What to do if your system will no longer boot

If a previously working Neutrino system suddenly stops working and will no longer boot, then one of the following may have occurred:

The following steps can help you identify the problem. Where possible, corrective actions are suggested.

  1. Try booting from CD or across the network.
    • If you have a network to boot over, try booting your machine over the network. Once the machine is booted, you'll need to log in as root.
    • If you don't have a network, boot from your installation CD. The filesystem will already be running in this case, and you'll be logged in as root.
  2. Start the hard disk driver. For example, to start a driver for an Adaptec series 4 SCSI adapter, type:
    devb-aha4 options &

    If you're using another type of driver, enter its name instead. For example:

    devb-eide options qnx4 options &

    This should create a block special file called /dev/hd0 that represents the entire hard disk.

  3. Run fdisk.

    Running the fdisk utility will immediately give you useful information about the state of your hard disk.

    The fdisk utility might report one of several types of problems:

    Problem: Probable cause: Remedy:
    Error reading block 1 Either the disk controller or the hard disk itself has failed. If the disk is good, replacing the controller card might let you continue using the disk. Otherwise, you'll have to replace the hard drive, reinstall Neutrino, and restore your files from backup.
    Wrong disk parameters Your hardware has probably "lost" its information about this hard drive—likely because the battery for the CMOS memory is running low. Rerunning the hardware setup procedure (or the programmable option select procedure on a PS/2) will normally clear this up. Of course, replacing the battery will make this a more permanent fix.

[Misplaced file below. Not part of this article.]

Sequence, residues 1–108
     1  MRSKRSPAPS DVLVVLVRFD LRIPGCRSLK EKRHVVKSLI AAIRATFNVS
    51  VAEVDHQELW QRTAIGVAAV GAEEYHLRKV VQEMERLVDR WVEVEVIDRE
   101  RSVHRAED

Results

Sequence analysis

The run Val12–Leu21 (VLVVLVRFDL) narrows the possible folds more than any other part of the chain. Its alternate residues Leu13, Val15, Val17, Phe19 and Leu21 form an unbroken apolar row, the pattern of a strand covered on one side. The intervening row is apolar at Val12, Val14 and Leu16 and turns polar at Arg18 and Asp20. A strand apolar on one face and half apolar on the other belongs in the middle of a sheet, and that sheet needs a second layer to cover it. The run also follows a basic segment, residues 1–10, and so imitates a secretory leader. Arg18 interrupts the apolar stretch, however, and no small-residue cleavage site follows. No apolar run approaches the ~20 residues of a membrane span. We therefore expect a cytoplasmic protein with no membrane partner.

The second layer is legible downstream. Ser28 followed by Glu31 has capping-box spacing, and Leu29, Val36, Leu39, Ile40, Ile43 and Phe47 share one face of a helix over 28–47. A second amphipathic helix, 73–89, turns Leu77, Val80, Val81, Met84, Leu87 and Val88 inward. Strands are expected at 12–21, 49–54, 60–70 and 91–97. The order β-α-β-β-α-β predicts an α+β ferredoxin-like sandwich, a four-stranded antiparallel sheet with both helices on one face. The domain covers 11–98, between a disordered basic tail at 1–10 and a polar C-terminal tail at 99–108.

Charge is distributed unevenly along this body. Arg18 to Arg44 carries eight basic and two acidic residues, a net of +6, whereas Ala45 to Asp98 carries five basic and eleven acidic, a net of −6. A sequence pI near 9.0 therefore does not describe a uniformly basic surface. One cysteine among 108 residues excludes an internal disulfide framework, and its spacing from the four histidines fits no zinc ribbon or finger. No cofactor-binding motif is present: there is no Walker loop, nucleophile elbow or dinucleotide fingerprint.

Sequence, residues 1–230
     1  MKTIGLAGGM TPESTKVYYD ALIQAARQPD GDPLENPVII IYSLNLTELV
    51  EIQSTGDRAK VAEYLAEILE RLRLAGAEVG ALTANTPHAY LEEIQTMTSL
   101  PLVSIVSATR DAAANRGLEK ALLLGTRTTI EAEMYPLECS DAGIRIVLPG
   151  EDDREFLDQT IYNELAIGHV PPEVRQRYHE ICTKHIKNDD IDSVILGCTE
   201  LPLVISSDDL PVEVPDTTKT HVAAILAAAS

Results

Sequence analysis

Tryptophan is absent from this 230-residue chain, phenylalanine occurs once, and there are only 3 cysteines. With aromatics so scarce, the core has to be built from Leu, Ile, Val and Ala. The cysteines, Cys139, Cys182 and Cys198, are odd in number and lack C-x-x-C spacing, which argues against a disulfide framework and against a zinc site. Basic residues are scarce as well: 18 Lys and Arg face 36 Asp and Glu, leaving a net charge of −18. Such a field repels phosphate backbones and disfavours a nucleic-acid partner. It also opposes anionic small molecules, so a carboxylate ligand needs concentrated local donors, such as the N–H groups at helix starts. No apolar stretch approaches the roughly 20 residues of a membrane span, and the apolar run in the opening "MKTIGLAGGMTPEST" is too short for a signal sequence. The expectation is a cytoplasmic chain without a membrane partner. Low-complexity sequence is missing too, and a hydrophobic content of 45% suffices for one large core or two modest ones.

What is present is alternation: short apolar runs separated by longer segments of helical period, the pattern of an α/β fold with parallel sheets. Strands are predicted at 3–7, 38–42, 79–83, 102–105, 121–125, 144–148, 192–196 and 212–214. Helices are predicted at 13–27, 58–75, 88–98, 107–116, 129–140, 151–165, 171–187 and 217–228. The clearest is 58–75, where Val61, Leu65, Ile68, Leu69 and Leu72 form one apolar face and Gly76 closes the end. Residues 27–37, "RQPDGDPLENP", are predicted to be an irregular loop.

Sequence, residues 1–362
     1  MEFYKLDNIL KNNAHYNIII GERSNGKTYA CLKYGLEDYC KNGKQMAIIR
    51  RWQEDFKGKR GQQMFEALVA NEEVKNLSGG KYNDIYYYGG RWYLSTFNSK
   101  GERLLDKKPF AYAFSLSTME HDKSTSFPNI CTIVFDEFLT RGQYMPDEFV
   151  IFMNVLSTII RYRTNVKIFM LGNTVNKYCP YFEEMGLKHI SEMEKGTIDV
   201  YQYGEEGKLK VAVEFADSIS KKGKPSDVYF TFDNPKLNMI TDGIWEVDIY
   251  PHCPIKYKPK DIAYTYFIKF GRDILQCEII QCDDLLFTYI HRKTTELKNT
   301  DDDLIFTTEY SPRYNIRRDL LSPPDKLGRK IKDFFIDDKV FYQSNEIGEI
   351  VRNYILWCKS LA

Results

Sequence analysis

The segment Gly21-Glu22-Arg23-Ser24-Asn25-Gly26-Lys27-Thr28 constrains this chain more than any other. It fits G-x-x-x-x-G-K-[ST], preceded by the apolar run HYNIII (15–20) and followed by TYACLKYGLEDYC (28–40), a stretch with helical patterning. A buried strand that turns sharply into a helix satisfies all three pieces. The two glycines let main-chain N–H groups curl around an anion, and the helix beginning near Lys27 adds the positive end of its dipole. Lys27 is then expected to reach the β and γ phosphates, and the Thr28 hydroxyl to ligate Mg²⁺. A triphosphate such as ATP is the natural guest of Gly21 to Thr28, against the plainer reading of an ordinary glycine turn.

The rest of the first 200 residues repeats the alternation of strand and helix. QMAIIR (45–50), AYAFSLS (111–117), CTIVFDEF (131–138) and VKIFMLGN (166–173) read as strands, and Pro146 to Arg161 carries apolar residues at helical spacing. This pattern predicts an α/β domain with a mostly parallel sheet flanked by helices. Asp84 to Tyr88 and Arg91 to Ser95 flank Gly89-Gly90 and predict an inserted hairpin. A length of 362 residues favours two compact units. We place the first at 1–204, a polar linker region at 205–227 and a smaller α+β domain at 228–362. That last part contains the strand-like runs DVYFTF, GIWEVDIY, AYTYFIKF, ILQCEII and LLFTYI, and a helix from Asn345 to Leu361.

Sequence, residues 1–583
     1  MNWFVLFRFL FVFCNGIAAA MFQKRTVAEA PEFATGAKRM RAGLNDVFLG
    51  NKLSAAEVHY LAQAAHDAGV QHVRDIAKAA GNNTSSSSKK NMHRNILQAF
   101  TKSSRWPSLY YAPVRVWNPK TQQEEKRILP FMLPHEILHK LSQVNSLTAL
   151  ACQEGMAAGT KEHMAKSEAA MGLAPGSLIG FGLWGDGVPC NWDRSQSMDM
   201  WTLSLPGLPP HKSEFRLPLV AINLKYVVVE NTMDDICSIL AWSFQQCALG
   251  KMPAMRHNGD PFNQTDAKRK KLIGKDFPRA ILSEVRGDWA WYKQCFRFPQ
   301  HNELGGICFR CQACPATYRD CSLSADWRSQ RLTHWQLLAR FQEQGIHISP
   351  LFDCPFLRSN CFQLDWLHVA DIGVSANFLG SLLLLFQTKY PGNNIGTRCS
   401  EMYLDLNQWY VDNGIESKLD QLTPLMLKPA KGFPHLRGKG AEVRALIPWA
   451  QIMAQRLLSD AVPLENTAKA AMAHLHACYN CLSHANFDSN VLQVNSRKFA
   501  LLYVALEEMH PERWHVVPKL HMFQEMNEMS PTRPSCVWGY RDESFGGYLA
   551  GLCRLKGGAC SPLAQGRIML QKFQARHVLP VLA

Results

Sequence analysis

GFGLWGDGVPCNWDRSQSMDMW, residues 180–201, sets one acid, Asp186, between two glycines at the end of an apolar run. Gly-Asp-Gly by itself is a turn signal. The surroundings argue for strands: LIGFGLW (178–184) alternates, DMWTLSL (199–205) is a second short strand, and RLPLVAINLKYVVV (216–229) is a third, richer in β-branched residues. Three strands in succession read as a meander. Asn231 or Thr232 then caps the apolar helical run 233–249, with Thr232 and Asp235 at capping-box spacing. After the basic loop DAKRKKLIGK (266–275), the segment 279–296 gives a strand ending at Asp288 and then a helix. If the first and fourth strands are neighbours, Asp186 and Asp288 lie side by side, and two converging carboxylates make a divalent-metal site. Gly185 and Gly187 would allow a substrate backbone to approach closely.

Bad partition information If the disk size is reported correctly by fdisk, but the partition information is wrong, then the data in block 1 of the physical disk has somehow been damaged. Use fdisk to recreate the correct partition information. It's a good idea to write down or print out a hard copy of the correct partition information in case you ever have to do this step.
  4. Mount the partition and the filesystem.

    At this point, you have verified that the hardware is working (at least for block 1) and that a valid partition is defined for Neutrino. You now need to create a block special file for the QNX 4 partition itself and to mount the block special file as a QNX 4 filesystem:

    mount -e /dev/hd0
    mount /dev/hd0t79 /hd 

    This should create a volume called /dev/hd0t79. Depending on the state of the QNX 4 partition, the mount may or may not fail. If the partition information is correct, there shouldn't be any problem. Since the root (/) already exists (on a CD or on a remote disk on the network), we've mounted the local hard disk partition as a filesystem with the name /hd.

    Your goal now would be to run the chkfsys utility on the disk to examine—and possibly fix—the filesystem.

Note: If you booted from CD and you don't suspect there's any damage to the filesystem on your hard disk (e.g., the system was unable to boot because of a simple error introduced in the boot file or system initialization file), you can see up a symbolic link to your hard disk partition in the process manager's in-memory prefix tree:
ln -sP /hd /

If you run this command, you can skip the rest of this section.